Finding Heart in America’s Heartland

Something which I haven’t always enjoyed is traveling inside the USA, I’m not sure if it’s the fact that it’s my own country or perhaps my own countrymen that generally annoy me but I just haven’t enjoyed it anywhere near as much as I thought; Much of this comes form traveling around the world and seeing how others travel in comparison to us, and that has left something of a sour taste in my mouth.

I was trying to get my head around what it is that we do which annoys me and I have settled on the fact that everything is competitive. For us that has put us in a fine place in the world of course and many will say that this competitive spirit is what has launched the nation to such lofty heights, and this is something which I would tend to agree with, in terms of heart and emotion however, I have always felt that the competition takes over, especially in some of the country’s most popular tourist spots.

On a trip through the Heartland last year however, in particular my trip to Colorado, I experienced a very different nation indeed.


One of my favorite authors is Hunter S. Thompson and this was part of my  reasoning for going to Aspen, to retrace the steps that the crazy and entertaining writer had walked, close to his home town. I had also always enjoyed the sound of true freedom which existed in Aspen, Denver and throughout Colorado, and that is something which I certainly felt come across during my time there, and it was also why Hunter Moved to Woody Creek in the first place, to indulge in his, lunacy I guess.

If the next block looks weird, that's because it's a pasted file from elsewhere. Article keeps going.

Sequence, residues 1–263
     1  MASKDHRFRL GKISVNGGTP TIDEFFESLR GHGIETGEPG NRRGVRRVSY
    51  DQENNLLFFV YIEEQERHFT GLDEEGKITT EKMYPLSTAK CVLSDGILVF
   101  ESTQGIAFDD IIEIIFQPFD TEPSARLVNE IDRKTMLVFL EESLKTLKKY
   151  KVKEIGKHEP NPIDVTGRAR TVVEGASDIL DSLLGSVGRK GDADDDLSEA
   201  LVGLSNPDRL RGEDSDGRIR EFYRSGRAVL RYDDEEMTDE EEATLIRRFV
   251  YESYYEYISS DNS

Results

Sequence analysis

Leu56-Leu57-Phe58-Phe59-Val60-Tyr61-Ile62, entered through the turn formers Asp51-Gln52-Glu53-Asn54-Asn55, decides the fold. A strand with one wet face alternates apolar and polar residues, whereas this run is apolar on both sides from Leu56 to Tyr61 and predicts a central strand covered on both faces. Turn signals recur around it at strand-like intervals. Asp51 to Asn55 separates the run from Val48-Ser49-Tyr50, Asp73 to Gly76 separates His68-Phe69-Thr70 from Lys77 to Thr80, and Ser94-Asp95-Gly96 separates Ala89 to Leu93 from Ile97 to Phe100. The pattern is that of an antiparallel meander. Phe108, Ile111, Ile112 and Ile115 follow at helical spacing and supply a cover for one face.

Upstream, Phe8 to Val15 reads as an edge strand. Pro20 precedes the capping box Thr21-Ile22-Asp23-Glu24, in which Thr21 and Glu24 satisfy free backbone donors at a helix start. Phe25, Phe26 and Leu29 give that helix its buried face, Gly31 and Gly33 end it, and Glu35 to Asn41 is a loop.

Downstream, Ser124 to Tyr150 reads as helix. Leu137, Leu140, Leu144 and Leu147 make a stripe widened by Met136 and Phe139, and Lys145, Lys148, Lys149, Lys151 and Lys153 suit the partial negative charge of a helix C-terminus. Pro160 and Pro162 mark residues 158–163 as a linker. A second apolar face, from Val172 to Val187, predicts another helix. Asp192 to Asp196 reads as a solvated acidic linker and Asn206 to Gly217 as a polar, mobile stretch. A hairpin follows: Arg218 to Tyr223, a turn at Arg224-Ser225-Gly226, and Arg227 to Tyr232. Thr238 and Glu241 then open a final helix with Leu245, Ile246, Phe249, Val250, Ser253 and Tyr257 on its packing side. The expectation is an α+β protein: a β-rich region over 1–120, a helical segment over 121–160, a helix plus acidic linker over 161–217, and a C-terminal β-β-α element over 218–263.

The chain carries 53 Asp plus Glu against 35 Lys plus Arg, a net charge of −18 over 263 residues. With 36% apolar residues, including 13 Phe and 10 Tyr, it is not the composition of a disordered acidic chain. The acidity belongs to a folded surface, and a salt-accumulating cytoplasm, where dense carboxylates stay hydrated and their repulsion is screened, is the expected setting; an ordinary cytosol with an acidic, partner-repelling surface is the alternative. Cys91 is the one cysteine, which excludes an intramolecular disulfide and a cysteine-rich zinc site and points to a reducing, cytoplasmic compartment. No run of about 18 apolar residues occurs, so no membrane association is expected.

For me the devil is very much in the details when we talk about people showing heart or empathy, touches like having the door opened or people letting you in the line. These are light things which we see when we cross the northern border to Canada, but less so in the US of A. Here in Colorado however I have to say that there was genuine kinship and care from the people who I came into contact with, and they seemed wholly genuine and just happy to help.

They say that the Heartland states of Kansas, Montana and those in the Midwest are called such because they are not touching an ocean or sea, but I would venture to say that it is those on the interior of the nation who do show the most heart and who do give you reasons to be cheerful that you are from the US, because not all of us are out to win at all costs.

What has your experience been traveling inside your own country? Does it make you proud? Or do you recognize some areas of the nation which aren’t quite to your liking?